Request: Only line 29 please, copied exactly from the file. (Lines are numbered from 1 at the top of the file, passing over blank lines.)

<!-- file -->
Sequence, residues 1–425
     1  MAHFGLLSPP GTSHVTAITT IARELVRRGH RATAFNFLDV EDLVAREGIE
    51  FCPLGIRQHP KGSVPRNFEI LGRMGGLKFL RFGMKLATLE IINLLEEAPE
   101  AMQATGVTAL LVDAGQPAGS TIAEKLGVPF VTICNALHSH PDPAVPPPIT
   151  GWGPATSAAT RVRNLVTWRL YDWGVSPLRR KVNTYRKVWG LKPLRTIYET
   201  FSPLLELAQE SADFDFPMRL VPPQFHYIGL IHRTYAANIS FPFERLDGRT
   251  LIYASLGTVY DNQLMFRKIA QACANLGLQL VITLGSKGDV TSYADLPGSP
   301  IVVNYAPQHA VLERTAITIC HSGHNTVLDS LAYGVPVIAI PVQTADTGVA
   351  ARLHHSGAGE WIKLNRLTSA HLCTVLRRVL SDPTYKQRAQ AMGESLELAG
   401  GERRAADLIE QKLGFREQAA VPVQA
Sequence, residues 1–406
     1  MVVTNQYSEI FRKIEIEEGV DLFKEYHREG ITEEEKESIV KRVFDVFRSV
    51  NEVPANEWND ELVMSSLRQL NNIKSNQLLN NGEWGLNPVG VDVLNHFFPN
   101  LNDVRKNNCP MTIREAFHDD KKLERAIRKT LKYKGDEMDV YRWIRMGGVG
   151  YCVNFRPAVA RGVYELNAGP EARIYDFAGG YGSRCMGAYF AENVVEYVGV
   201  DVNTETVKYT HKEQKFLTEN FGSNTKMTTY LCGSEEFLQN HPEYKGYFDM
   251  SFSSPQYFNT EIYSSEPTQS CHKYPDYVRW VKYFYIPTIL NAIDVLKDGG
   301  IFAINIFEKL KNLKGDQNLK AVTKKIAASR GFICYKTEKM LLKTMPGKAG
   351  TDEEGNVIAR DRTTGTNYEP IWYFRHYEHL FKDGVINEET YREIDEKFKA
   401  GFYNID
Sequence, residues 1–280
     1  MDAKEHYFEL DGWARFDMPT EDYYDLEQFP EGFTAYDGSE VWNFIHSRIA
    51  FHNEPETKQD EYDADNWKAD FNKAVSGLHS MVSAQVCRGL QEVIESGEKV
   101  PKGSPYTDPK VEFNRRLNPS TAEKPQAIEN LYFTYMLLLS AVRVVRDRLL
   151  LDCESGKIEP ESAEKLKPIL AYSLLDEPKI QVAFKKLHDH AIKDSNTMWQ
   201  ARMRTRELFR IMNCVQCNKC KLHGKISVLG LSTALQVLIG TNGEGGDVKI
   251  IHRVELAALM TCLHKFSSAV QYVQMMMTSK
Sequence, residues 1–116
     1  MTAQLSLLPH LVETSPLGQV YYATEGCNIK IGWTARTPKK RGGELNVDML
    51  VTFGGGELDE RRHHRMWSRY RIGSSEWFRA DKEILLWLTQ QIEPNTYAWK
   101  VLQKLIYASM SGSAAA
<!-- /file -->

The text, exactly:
     1  MTAQLSLLPH LVETSPLGQV YYATEGCNIK IGWTARTPKK RGGELNVDML